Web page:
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A MODUS VIVENDI ON STATEHOOD FOR TELANGANA : The Assam- Meghalaya 1969-70 Pattern

By Anil Nauriya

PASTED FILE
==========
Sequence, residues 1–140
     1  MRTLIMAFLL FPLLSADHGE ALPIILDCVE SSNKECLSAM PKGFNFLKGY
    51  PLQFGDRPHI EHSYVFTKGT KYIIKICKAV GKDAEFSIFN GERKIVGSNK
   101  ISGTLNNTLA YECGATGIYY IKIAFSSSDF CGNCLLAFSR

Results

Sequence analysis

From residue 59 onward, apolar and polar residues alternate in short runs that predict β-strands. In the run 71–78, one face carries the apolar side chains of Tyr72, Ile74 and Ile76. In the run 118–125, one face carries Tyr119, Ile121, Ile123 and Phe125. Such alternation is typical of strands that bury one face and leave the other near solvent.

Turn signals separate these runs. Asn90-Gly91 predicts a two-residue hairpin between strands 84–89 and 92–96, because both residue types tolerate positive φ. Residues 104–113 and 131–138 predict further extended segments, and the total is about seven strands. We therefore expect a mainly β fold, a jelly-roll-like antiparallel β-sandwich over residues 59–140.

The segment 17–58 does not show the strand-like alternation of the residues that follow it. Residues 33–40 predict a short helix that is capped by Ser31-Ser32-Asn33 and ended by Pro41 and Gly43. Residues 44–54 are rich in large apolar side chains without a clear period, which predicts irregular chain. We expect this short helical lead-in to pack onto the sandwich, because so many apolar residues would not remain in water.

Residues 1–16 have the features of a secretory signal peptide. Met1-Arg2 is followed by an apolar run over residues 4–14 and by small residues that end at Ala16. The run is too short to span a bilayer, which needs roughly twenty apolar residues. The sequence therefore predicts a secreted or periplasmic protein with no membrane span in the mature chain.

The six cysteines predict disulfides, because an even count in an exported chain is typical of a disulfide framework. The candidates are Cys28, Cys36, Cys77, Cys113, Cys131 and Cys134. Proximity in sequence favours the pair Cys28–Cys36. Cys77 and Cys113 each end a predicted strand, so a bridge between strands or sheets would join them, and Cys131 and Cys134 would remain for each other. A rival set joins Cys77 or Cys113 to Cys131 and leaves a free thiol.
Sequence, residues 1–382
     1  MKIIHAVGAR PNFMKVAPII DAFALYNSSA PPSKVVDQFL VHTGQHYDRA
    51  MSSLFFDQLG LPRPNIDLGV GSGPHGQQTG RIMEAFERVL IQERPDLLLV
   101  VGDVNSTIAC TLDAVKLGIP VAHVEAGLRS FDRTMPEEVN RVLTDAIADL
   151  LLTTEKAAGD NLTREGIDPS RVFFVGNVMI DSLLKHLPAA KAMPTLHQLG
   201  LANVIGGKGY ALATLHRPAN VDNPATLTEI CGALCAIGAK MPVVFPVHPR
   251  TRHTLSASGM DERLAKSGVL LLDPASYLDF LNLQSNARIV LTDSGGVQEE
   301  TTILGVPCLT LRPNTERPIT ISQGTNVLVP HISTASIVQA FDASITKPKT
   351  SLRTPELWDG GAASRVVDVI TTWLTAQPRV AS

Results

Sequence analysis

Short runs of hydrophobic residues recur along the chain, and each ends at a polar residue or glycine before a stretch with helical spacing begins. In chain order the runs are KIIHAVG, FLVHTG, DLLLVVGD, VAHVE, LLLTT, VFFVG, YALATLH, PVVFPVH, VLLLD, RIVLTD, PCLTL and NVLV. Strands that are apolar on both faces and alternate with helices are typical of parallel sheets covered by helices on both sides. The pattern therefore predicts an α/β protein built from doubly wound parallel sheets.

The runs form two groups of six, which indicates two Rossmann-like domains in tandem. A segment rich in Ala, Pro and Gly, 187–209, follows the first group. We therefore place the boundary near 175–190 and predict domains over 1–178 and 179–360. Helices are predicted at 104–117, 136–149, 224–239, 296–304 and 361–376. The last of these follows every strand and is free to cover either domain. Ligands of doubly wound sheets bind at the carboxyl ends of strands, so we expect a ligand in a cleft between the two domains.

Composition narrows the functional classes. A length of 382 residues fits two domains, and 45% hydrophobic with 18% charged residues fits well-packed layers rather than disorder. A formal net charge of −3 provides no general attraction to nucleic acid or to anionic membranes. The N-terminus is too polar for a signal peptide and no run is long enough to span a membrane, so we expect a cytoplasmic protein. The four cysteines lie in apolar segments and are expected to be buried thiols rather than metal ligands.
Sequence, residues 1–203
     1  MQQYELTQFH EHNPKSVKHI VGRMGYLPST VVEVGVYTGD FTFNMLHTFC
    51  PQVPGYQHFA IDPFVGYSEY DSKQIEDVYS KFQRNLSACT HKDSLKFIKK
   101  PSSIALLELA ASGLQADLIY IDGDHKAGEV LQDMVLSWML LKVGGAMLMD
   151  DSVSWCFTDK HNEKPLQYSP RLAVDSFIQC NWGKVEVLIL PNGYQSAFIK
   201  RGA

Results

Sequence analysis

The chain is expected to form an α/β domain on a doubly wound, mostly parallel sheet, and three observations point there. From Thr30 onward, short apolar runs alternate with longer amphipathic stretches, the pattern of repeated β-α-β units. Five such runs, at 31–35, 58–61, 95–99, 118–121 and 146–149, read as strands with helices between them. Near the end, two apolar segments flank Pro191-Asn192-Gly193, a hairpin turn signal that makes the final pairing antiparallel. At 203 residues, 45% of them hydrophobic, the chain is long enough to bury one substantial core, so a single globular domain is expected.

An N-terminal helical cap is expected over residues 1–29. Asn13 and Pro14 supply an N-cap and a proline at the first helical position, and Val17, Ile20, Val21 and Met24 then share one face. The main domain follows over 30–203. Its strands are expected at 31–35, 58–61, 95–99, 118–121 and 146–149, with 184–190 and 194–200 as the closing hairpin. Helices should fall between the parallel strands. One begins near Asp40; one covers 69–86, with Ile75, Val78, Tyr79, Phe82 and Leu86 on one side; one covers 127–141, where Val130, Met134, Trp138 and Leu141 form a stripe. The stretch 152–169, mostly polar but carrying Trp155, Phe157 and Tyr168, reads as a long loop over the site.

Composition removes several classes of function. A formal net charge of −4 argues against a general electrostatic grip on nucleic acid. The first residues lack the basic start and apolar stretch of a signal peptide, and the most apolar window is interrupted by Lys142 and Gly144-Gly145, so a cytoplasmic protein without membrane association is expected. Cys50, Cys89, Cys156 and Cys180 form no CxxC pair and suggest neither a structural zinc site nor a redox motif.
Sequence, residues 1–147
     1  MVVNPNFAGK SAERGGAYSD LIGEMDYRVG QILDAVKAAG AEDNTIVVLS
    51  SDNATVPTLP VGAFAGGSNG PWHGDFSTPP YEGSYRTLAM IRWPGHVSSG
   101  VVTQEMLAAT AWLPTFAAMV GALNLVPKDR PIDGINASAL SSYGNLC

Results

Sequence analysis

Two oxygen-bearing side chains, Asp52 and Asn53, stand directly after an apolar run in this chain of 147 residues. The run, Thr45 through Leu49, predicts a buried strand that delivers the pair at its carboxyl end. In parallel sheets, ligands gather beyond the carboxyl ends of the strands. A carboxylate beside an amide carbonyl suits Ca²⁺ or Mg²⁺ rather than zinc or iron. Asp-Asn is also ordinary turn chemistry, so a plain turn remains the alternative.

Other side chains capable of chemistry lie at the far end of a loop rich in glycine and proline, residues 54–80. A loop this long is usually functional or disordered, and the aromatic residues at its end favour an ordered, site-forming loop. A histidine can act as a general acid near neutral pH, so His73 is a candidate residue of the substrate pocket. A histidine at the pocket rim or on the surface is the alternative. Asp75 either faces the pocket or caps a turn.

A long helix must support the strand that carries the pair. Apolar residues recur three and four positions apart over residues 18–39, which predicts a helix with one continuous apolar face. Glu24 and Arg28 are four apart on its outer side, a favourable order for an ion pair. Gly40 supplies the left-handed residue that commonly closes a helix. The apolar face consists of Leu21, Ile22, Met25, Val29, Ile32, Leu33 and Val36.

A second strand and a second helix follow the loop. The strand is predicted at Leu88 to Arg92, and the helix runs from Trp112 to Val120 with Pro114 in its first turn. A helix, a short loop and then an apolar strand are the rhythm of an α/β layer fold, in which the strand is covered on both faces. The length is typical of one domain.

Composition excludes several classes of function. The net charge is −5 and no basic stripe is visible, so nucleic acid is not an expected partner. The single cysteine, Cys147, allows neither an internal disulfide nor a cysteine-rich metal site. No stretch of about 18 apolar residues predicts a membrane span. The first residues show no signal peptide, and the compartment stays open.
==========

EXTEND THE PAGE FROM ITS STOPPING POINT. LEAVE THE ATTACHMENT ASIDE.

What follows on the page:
That the case for the formation of a Telangana State is strong tends to be widely accepted. Many of the districts which make up Telangana have remained economically backward; undoubtedly their development requires special attention. While this is readily conceded, what worries many observers is the cascading effect that the creation of Telangana would have on similar demands for Statehood elsewhere. A new State can engender new social problems as well with the coming to the fore of new minorities and marginalised groups. Apart from this, the creation of a new State gives rise to an array of administrative issues which result in considerable dislocation. In the case of Telangana, political parties have been trimming their sails to the prevailing winds in the various regions of present-day Andhra Pradesh. Consequently, some parties find themselves committed to crosspurposes either directly or through their local units both to an undivided Andhra Pradesh and to the creation of Telangana. There is a way out of this tangle which could be not only politically acceptable to all concerned but also administratively preferable to the immediate creation of a full-fledged State. The solution, perhaps, lies in adopting a model similar to the one tried through the Assam Reorganisation (Meghalaya) Act 1969 [ARMA, 69]. This legislation was made possible by the Constitution (Twenty-second Amendment) Act, 1969, which, by inserting Article 244A, introduced a rather original idea into the Constitution in relation to the State of Assam. This Article made it possible to establish an Autonomous State within the State of Assam. Not many may remember that before Meghalaya became a full-fledged State, it was constituted as an Autonomous State within Assam with its own Chief Minister, Cabinet and Legislative Assembly. Under ARMA 69, Meghalaya was constituted 40 years ago, in January 1970, as an autonomous state within the State of Assam. Fullfledged Statehood for Meghalaya, came somewhat later under the North-Eastern Areas